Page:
Collection: Mohnish Pabrai - #15 'In Investing Focus On The Business'



Yeah, so actually for the most part you should ignore macro. So, you know, going back to my example of the McDonald's franchise and Ford's dealership, et cetera.

You know, there's a – You know, I live in Irvine, California. There's a McDonald's which is I don't know, 3 - 4 miles from my house. And recently, they made their drive-thru 24 hours. So actually you can't go to the restaurant 24 hours, you can drive-thru and pick up fast. Anytime 4A.M., 3A.M. anytime.

And in fact, so that McDonald's is so well run and does so much business. So what is the impact of any of the factors that you're talking about on the cash flow that McDonald's produced this month or next month or next year or 2 years from now or 5 years from now? [Inaudible] so I always believe that the micro in many many ways [Inaudible] the macro.

And so if you were looking and let's say the McDonald's came on sales. And you know, let's say it came on sales for $5 million for example. And let's say your family had a net worth of $10 million. The question is you know, is that an asset that you will put $5 million into it?

And let's say it was producing, you know, $400,000 a year in cash flow for example. So it's – you know, at 12 times cash flow or something. So you know the questions you would ask yourself if you are looking at the [Inaudible] of transaction. You would ask yourself, how long can that $400,000 a year in cash flow continue? Can it increase? What will affect it to go down, et cetera.

And so it will be factors around that McDonald's that will dominate that discussion. It is completely irrelevant what the FED policy is and completely irrelevant what the exchange rate are and all these things. All those things become irrelevant.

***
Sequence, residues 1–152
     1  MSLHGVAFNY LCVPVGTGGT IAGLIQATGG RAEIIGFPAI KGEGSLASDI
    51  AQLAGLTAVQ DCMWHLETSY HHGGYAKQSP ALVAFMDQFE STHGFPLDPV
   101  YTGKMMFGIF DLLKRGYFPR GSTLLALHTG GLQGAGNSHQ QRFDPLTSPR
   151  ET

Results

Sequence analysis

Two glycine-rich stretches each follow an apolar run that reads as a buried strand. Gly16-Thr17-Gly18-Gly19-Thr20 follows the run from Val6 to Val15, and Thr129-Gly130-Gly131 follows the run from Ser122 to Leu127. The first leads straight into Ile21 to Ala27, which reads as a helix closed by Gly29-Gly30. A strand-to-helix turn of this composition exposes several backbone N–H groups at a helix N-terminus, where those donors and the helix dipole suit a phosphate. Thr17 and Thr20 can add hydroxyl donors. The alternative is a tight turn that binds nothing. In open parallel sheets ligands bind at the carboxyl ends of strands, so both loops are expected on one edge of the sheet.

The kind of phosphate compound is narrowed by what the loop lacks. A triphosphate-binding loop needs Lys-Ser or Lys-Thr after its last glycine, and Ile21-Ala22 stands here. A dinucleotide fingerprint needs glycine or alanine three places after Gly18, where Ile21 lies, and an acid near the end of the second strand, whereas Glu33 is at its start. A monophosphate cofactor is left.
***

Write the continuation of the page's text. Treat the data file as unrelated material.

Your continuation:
And so as an investor, you are always better off focusing on the business because the eventual kind of, you know, result of the business 90 percent of it, will be what happened inside the business.

And so I would say that I – when I looked at McDonald's is an example, holding on business you can buy. Same things apply when you're looking at – looking at stocks it is, you have to look at it as if you're buying the whole company.

So first thing I would ask is – Someone mentioned the stock price of Infosys., what is the market cap of Infosys.? Anyone know the market cap? I'm sorry?


Around 1.4 lakh crore.


1.4 lakh crore? No, it's very low. Okay, so anyways– let's I can't [Inaudible]. But let's say – Let's say there is a company in India that has a market cap of let's say 5,000 crore. And let's say the stock trades at – I don't know let's say 200 rupees. I'm really not interested in the 200 rupees price, I'm interested in the 5,000 crores.

So the question I would ask myself is, if my family has 9,000 crore or 8,000 crore in total assets. Will I put 5,000 crore into this company and be happy to hold it for 10 years? And if the answer is no which is probably the case. Then I'm not even going to – I'm not interested even in buying 1 share.

So those are the type of questions that an investor should be asking is, if this were 70% of my family's assets and I could not sell it for 5 years. Would I buy it? And I think you just ask that question then it will save you a lot of troubles later on.



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